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Interviewing Candidates with Disabilities

An interview will help you assess a candidate's technical, behavioral, and motivational fit. When a candidate with a disability asks for necessary and reasonable accommodations, it is important to fulfill those requests to help ensure that all candidates receive equitable consideration.  The following information will assist you in your interview process and will help you create a welcoming environment for candidates with disabilities.
  • Do not ask about the nature, severity or condition of a disability.
  • Do not ask about any prognosis or expectation regarding a disability.
  • Do not ask whether the person will need treatment while employed.
  • Do not ask about the progress of an illness, even if the candidate volunteers information about a medical condition, its remission, or treatment.
  • Do not ask about the medical history of any candidate.
  • Ask the same questions of the candidate with a disability as you would a candidate without a disability.
  • Ask questions related to the essential functions of the job and ask if they are able to perform the essential functions of the job with or without reasonable accommodations.
  • Seek assistance from the Office of AA/EEO if accommodations may be necessary for the performance of essential functions (e.g., a visually-impaired employee may require larger font on a computer screen). 
  • Ensure that the interview location is accessible (e.g path of travel from parking, building entrances, restrooms, availability of an elevator).  Check on the nearest location of accessible parking spaces, available ramps, elevators, and accessible restrooms; communicate to the candidate these locations.
  • Enable candidates who use crutches, canes, or wheelchairs to keep them within reach; be aware that some candidates may choose to transfer themselves out of their wheelchair into an office chair for the interview.
  • To facilitate conversation when interviewing a candidate in a wheelchair, sit at that person’s eye level.
  • Never touch or lean on a person’s wheelchair; a wheelchair is part of the body space that belongs to the person who uses it.
  • Use a normal voice tone and at a moderate pace.
  • A candidate may lip-read; therefore, look directly at the candidate when speaking and maintain eye contact.
  • Speak expressively because the candidate may rely on facial expressions, gestures, and body movements to understand you.
  • Keep your hands away from your mouth when speaking.
  • Use a sign language interpreter, if needed.  Contact Human Resources for available resources.
    • The interpreter should be seated beside the interviewer, across from the candidate.  If there are multiple interviewers, ask the candidate where they would prefer the interpreter to sit.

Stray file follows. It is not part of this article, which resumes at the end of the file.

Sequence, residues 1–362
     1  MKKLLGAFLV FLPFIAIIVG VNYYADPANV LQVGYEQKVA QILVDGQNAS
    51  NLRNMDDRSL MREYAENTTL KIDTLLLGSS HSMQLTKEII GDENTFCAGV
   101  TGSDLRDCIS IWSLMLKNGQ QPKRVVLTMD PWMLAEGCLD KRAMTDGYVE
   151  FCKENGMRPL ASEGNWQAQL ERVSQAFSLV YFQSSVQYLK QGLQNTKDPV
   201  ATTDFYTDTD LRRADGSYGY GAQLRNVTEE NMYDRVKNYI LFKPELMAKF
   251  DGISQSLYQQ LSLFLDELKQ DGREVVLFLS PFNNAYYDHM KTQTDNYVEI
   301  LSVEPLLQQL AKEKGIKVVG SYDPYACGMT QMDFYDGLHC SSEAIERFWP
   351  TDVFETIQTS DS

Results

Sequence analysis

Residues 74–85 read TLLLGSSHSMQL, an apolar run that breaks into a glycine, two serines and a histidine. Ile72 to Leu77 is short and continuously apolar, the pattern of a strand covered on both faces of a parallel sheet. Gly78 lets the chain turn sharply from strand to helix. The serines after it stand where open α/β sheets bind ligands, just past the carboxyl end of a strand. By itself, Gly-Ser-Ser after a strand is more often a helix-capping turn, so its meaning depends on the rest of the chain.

• Speak to the candidate, not to the interpreter and always maintain eye contact with the candidate
  • Do not shout or raise your voice.
  • Do not pretend to understand if you do not; ask the candidate to repeat what you do not understand.
  • Exercise patience by allowing adequate time for the candidate to speak rather than attempting to speak for them or complete their sentences.
  • Always identify yourself and introduce anyone else who is present when greeting a person with a vision impairment.
  • Ask the candidate with a visual impairment if they would like to take your arm at or above the elbow for guidance to the interview room.
  • Provide verbal directions as to the location of the seat.
  • Never pet or distract a service animal.
  • If there will be written materials in the interview, find out before the interview if there is an alternative format the person would prefer such a large print or Braille (seek guidance from the Office of Accessibility).
  • Greet the candidate as you would welcome all candidates.
  • If performing an action that may not be obvious to the candidate, alert the candidate to the action (e.g., announce to a vision impaired person: “Let me shake your hand.”) 
  • People with prosthetics or limited arm and hand motion usually shake hands.
  • Be sure to focus on the person, not the disability.
  • Schedule the interview in a building with an elevator, accessible restrooms, and an accessible entrance.
  • Create an environment that is accessible to individuals with disabilities (contact the Office of Accessibility for additional information and assistance).  Provide the candidate a detailed agenda and ask if any special accommodations are needed for the interview process (Contact the Office of Accessibility for assistance and guidance).
  • Develop a list of interview questions that are job-related and pertinent to the essential and non-essential functions.
Human Resources

Phone:                        304-766-3156
Fax:                             304-766-4156
Campus Address:    105 Cole Complex
Hours:                        Monday - Friday
                                     8:30 a.m. - 5:00 p.m.

Human Resources

Employee RelationsInterviewing CandidatesSearch Committee Resources
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